Gansler aims to widen role, take on gangs

Md. prosecutors question move by state's new attorney general

February 05, 2007|By Justin Fenton | Justin Fenton,Sun reporter

Maryland Attorney General Douglas F. Gansler is seeking to broaden the focus of his office from prosecution of white-collar and environmental crimes to include investigations involving violent street gangs - a change that could boost his role but has stirred controversy among local prosecutors.

The former Montgomery County state's attorney has been pushing to allow authorities to treat gangs like a criminal enterprise and to let his office handle large-scale or multi-jurisdictional investigations through a new anti-gang office.

"We are definitely looking to work more closely with prosecutors and have more of a public-safety focus than in years gone by," Gansler said.

Those new powers would position the attorney general's office to significantly expand the scope of its criminal investigations division, which now has five lawyers and handles charges related to misconduct in office, bribery, perjury, falsification of public records and criminal violations of Maryland tax law. County and federal prosecutors handle most criminal cases.

Last week, prosecutors and legislators sparred over details of the anti-gang measure and the extent of the attorney general's authority. Unable to come to an agreement, Gansler enlisted the help of Gov. Martin O'Malley and House Speaker Michael E. Busch to craft a bill.

"We all collectively believe we need to get out in front of this issue and come together with some additional tools. The issue has been under [what] circumstances," said Frank M. Kratovil Jr., the state's attorney for Queen Anne's County.

Despite rising gang-related violence in recent years, Maryland has fewer laws dealing with the issue than many states - giving legislators a largely blank canvas.

Authorities across the state say gangs have been spreading and are increasingly violent. The Mid-Atlantic Regional Gang Investigators Network, which includes federal, state and local law enforcement and criminal justice officials, estimates that there are more than 8,000 gang members in Maryland, including about 3,500 in the Baltimore area.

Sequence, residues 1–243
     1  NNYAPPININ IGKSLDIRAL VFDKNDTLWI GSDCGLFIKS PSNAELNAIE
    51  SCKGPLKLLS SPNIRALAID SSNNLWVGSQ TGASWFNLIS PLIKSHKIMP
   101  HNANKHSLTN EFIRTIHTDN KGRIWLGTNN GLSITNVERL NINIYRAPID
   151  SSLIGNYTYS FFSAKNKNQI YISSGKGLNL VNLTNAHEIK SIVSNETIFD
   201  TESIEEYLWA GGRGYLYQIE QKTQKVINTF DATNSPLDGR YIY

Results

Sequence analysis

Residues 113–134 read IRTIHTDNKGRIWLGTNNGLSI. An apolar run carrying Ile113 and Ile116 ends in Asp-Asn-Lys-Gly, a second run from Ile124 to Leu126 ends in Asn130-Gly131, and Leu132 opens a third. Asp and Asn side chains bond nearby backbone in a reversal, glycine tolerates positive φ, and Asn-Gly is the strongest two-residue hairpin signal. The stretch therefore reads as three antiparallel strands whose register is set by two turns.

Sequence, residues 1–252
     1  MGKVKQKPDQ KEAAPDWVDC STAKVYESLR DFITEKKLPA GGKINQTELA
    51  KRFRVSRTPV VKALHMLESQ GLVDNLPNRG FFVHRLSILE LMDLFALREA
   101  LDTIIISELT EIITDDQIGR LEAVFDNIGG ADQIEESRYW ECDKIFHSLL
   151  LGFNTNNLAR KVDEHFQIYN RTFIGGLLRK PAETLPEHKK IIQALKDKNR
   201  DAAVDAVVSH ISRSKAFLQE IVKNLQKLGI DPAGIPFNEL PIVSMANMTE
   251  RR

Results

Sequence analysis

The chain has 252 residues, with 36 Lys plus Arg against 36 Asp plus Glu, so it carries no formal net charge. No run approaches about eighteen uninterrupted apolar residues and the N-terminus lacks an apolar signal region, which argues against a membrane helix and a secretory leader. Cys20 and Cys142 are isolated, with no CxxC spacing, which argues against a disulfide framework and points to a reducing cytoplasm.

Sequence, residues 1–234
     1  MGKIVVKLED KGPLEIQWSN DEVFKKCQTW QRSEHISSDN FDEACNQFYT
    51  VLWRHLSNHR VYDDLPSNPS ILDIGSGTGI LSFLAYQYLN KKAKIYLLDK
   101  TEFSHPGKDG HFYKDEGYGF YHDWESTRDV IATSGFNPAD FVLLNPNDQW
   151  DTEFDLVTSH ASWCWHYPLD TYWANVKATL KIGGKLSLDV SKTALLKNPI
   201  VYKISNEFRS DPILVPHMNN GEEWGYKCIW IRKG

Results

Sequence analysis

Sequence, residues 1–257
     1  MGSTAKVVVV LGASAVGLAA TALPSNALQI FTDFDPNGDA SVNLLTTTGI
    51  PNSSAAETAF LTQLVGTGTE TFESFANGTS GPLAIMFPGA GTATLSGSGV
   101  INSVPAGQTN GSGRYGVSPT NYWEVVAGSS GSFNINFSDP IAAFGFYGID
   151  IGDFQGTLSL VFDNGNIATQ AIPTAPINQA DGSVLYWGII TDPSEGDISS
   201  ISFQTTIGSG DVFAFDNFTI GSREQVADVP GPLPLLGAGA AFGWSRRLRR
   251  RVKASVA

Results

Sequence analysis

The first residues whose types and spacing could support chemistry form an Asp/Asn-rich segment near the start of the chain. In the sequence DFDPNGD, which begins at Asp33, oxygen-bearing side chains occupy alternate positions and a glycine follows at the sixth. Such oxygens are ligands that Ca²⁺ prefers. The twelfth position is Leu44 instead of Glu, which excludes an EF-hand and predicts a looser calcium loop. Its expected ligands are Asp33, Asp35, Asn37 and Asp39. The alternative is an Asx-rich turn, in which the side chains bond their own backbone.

According to several top prosecutors, members of the Maryland State's Attorneys Association had been studying gang-related laws across the nation since October and settled on a statute similar to California's Street Terrorism Enforcement and Prevention Act. They found co-sponsors in both chambers of the General Assembly.

But Gansler has said that he believes the state must draft legislation more similar to the federal Racketeer Influenced and Corrupt Organizations Act, or RICO, giving prosecutors the ability to take down gang members in a wholesale fashion, as was done with organized crime.

Last month, the state's attorneys group was set to present its plan to a legislative committee when Gansler asked if he could testify in support.

He went first. The topic of his testimony: the need for RICO.

"This was a very, very proactive task force. All of a sudden, to have somebody come in who did not participate - and it's understandable, he was running for office - but these guys have ownership of this," said state Sen. Nancy Jacobs, a Republican representing parts of Harford and Cecil counties who planned to sponsor a Senate bill. "They're extremely interested in the gang issue, and they feel they are capable of handling it."

The catalyst for the new bill, however, might have been the extent to which Gansler's office could prosecute gang crimes. He wanted a provision that would allow him to pursue criminal investigations without the consent of local prosecutors, who said they oppose any carte blanche authority.

Some supporters of the original proposal were upset by the new effort pushed by Gansler and pledged to work toward a tougher bill.

"It is unfortunate that a good bill that used national best practices was hijacked, watered down and is now unlikely to result in any measurable prosecutions of violent gangs in Maryland," said Baltimore State's Attorney Patricia C. Jessamy.

More than 30 states have adopted RICO laws, which were created in 1970 to take on the Mafia. In Maryland, U.S. Attorney Rod J. Rosenstein, using the federal statute, helped bring about the indictments of 19 members of the violent Mara Salvatrucha gang in 2005.

"It makes the case more complicated, but it gives you an advantage because the jury gets to see the entire scope of criminal activity," Rosenstein said. "It's about attacking the problem, not just at street level but the organization level, and its hierarchy and leaders."

Maryland is home to one of the more famous people to be convicted under that law: Then-Gov. Marvin Mandel was convicted in 1977 of racketeering and mail fraud for using his influence to help friends who owned a Prince George's County racetrack in exchange for cash and gifts. His conviction was overturned in 1987.

But state's attorneys said they favored the sentencing enhancements of California's STEP Act, which also provides for forfeiture of gang assets and proceeds of its crimes.

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